Tag Archives: dialects in TV

Piers Morgan’s “Hoity Toity” Accent

Politicians have a curious habit of mocking their own markers of privilege. How else does one explain Mitt Romney slamming Obama for attending Harvard, Romney’s MBA alma mater? Or G.W. Bush describing the “intellectual arrogance” he encountered while at Yale? … Continue reading

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Posted in British English | Tagged , , | 16 Comments

The Spread of a Slur

Jane Eyre complains of being “fagged” in Charlotte Bronte‘s masterpiece; a small road in northern England is named “Faggy Lane;” and who can forget Alfred Gurney’s heartwarming 1884 poetry collection, A Christmas Faggot? The preceding paragraph makes me cringe, no … Continue reading

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Posted in Miscellaneous Accents and Dialects | Tagged , | 17 Comments

Chelsea-Speak

While doing some channel surfing the other day, I stumbled upon the reality show Made in Chelsea. I’d describe the program to Americans as akin to The Hills or Laguna Beach (although I don’t recall Lauren Conrad cracking jokes about “phonological … Continue reading

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Posted in British English | Tagged , , | 11 Comments

Joey Barton and “French-English Accents”

By now, I suspect many readers have watched Liverpudlian footballer Joey Barton‘s recent interview about his French debut. I have little to say about his accent, other than to remind everyone that this native Englishman has spent but a few … Continue reading

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Posted in Miscellaneous Accents and Dialects | Tagged , , , | 8 Comments

Why This American “Slips Into Britishisms”

An article by Alex Williams in the New York Times discusses the “recent” trend toward Northeastern Americans adopting British slang in everyday conversation. The piece targets the usual suspects: BBC America, Downton Abbey and JK Rowling are the most commonly … Continue reading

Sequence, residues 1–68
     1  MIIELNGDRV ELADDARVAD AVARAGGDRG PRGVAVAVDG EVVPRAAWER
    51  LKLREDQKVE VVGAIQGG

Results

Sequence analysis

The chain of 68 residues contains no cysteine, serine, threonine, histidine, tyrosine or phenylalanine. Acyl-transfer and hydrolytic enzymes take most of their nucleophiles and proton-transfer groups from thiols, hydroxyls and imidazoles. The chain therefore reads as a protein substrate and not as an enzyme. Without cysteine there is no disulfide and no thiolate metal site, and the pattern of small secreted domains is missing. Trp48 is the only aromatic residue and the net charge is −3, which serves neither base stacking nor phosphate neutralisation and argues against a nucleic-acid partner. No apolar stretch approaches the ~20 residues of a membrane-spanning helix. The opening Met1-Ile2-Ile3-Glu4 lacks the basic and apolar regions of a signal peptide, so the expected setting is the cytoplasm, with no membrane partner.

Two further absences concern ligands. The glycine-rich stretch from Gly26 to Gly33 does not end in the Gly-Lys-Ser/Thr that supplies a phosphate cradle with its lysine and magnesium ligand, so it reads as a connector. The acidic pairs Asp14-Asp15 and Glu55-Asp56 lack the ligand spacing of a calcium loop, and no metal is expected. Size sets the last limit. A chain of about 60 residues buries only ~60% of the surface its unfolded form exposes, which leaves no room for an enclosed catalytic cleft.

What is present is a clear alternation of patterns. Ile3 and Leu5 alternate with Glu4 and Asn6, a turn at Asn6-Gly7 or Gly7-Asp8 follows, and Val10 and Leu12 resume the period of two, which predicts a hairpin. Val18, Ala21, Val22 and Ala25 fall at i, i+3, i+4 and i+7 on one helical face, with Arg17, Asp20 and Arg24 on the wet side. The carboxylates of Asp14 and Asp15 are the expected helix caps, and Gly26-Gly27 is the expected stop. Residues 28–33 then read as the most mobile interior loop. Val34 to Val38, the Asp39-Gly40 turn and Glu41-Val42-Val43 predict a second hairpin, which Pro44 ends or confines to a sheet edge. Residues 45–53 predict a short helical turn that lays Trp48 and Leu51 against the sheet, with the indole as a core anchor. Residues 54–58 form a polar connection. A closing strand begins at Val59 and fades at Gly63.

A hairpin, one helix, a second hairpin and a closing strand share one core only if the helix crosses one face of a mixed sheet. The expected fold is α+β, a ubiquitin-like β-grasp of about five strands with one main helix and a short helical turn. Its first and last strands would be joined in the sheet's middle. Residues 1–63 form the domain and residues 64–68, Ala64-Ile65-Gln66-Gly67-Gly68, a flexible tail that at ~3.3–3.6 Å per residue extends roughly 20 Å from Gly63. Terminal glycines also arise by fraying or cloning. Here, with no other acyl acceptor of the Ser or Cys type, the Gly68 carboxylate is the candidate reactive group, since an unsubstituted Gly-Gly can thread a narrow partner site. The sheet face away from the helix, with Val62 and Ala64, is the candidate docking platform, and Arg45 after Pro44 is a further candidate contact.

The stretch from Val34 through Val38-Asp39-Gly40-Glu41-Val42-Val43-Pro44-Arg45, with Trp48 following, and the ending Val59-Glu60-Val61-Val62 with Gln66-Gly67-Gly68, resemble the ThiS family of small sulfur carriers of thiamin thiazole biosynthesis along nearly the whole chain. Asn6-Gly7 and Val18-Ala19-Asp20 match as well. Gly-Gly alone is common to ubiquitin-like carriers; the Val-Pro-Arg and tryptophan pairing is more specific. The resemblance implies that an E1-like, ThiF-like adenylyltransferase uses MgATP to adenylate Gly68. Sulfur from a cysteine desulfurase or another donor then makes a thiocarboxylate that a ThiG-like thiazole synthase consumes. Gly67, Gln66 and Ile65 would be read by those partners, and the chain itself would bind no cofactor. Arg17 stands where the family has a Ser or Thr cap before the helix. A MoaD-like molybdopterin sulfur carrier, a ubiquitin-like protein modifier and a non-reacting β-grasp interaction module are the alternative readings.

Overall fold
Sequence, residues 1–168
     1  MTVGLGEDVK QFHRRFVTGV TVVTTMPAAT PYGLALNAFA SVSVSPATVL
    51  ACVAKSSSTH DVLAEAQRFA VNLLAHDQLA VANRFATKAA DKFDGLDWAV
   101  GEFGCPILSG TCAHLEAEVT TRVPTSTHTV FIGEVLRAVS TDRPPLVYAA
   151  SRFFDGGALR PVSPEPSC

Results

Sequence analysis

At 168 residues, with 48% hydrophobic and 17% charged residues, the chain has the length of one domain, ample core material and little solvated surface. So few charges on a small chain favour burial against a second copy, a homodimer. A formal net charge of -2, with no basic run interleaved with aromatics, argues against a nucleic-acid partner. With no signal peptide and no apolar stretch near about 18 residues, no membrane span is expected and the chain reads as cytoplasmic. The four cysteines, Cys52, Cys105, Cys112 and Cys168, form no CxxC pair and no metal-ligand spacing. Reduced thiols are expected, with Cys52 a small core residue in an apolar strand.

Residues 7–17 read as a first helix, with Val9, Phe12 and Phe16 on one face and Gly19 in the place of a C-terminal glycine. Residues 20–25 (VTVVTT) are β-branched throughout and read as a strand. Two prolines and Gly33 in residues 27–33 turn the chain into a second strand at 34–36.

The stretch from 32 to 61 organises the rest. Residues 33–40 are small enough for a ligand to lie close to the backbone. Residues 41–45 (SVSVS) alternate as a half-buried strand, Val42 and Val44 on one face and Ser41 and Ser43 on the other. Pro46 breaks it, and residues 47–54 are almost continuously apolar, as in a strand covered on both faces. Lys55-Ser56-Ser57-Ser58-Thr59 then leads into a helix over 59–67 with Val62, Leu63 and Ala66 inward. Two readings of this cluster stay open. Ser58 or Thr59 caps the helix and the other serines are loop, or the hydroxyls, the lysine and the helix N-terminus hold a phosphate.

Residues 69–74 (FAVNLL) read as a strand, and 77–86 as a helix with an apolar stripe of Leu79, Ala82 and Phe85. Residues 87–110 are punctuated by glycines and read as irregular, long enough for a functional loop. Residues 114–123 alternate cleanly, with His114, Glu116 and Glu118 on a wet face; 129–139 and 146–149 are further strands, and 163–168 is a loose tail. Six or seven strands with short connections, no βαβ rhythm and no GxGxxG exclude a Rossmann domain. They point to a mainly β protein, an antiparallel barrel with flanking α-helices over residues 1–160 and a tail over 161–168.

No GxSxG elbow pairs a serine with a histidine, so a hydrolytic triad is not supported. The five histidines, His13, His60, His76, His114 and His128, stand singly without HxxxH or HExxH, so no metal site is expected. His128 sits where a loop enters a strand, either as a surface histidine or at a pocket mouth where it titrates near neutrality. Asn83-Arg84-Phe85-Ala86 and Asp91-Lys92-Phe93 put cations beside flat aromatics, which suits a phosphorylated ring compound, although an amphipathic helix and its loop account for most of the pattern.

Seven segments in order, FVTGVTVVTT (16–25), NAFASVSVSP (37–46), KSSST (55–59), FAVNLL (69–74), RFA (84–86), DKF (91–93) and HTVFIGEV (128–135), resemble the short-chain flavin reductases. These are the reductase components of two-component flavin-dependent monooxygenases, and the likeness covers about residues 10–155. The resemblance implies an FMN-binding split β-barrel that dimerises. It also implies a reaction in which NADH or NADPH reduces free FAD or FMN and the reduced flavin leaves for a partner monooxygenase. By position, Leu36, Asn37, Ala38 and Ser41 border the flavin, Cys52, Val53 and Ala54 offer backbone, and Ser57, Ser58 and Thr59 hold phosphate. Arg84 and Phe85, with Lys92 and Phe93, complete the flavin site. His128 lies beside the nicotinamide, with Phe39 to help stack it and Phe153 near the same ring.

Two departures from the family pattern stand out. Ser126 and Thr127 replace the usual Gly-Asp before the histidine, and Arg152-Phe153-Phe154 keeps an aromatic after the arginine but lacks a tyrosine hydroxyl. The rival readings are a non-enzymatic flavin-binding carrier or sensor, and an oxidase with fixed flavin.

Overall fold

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Posted in British English | Tagged , , | 28 Comments

The Speech of Old L.A.

My grandmother grew up in Los Angeles. Her L.A. was not the L.A. of contemporary stereotype. It was a city with one of the world’s finest rail systems, gracious Victorian homes in forgotten neighborhoods like Bunker Hill, and a bustling … Continue reading

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Posted in American English | Tagged , , | 21 Comments

-ness: A Darn Productive Morpheme

The English lexicon contains numerous nouns formed by adding the suffix ‘-ness‘ to an adjective: ‘weakness,’ ‘fullness,’ ‘brightness,’ and countless others. And at least in American English, we find creative new uses of ‘-ness’ all the time, which seem to be … Continue reading

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Posted in Uncategorized | Tagged , , , | 10 Comments

Poor Dick’s Profane Conversion

English-speakers have a unique way of appropriating everyday words to describe sex. From sports to farm animals to botany, we have a vast trove of erotic symbolism at our disposal. One of the stranger of these conversions is that of … Continue reading

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Posted in American English | Tagged , | 18 Comments

‘The Jersey Shore’ & Jersey Accents

While in a hotel room the other night, I watched a few episodes of MTV’s The Jersey Shore.  For those living on Mars these past two years, the show follows a group of young ‘Jersey’ layabouts during a raucous summer on the … Continue reading

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Posted in American English | Tagged , | 26 Comments

The Accents in Downton Abbey

I am apparently the last person in the English-speaking world to watch Downton Abbey, but got a chance to see the first series over the past two evenings.  For the unfamiliar, the show takes place in an English country estate … Continue reading

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Posted in British English | Tagged , , , , | 100 Comments